Genre: Historical fiction
Review in a word: Hopeful
“And let us not forget Margot, who kept her own diary, which was never found.” – Miep Gies
“I should begin with the simplest of truths: I am alive.”
Margot Frank, the forgotten sister of Anne Frank, is the narrator of this story. She was not killed by typhus as the records show; she jumped off of a cargo train and escaped from the Nazis. Now she has moved to Philadelphia, where she wears sweaters everyday to cover the tattoo on her left arm and goes by the very Gentile, American name of Margie Franklin. Knowing that Anti-Semitism is still alive and well in some parts of the US and wishing to leave her terrible past behind, Margie is in constant hiding. But she works for a handsome Jewish lawyer, Joshua Rosenstein, and he takes a case defending some Jewish workers and Holocaust survivors. At the same time, the movie of The Diary of Anne Frank is released and everyone around her is suddenly talking about it, misconstruing what Margot remembers of her time in the Annex. Suddenly, Margie finds herself living in the memories she tried to bury.
Meanwhile, Margie is still trying to find Peter, the boy who lived in the Annex with them. The world knows that Anne liked Peter, but they don’t know that Margie and Peter had also liked each other, had also kissed. Peter had promised that one day they would meet again in the City of Brotherly Love. Margie looks for Peter, but as she works closer with Joshua, she finds a love that just might help her heal, if she can admit who she truly is.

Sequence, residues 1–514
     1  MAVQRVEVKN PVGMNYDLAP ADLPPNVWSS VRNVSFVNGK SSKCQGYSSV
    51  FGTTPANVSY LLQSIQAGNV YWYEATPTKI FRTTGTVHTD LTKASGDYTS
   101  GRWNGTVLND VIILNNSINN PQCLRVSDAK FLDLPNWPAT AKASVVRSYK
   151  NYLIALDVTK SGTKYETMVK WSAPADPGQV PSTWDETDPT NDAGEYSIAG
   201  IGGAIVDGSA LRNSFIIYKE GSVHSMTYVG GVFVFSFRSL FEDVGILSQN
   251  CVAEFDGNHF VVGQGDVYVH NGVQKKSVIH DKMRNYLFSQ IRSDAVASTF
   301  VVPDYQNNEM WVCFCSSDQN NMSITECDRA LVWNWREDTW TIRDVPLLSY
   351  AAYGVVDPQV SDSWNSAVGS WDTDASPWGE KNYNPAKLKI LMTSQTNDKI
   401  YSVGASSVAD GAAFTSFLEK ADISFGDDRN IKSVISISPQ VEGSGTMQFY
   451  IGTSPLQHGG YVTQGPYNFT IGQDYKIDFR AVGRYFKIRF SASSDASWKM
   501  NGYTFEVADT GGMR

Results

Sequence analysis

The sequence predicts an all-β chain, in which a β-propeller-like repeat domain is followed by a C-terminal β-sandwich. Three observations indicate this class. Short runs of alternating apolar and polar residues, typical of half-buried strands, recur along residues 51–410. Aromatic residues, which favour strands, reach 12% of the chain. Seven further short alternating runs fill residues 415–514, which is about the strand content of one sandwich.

This book somehow manages to be incredibly sad and sweet and hopeful at the sametime. Margie lives with PTSD and paranoia, but Cantor doesn’t let Margie’s stifling fear and guilt stifle the pace of the book or the reader’s interest. Surprisingly (and thankfully), Cantor spares us gory details of the concentration camps, instead focusing on the fictionalized sweet memories of the one bright spot in Margot’s experience of the Annex: Peter. And in the present, Joshua is just as sweet.
One of the major themes of the book is lying, what it means to be a liar and the various reasons one might need to lie. Margie has built a wall of secrets and lies around herself to keep the past hidden and, she hopes, heal. But of course, she can’t heal without coming clean. Her confession to Joshua is heart-squeezing. I’m sure it was tempting for Cantor to close with a fairy tale happy ending, but she doesn’t. Dramatic professions of love are not Margie’s style; they’re Anne’s. Cantor’s ending is very satisfying.
“Lying can be a second skin, but when you are called out on a lie, it becomes all too easy for that skin to start to peel away.”
“As a liar, a pretend person, you cannot really truly ever be someone’s friend. My American life, it is lonely. Often, it is very, very lonely.”
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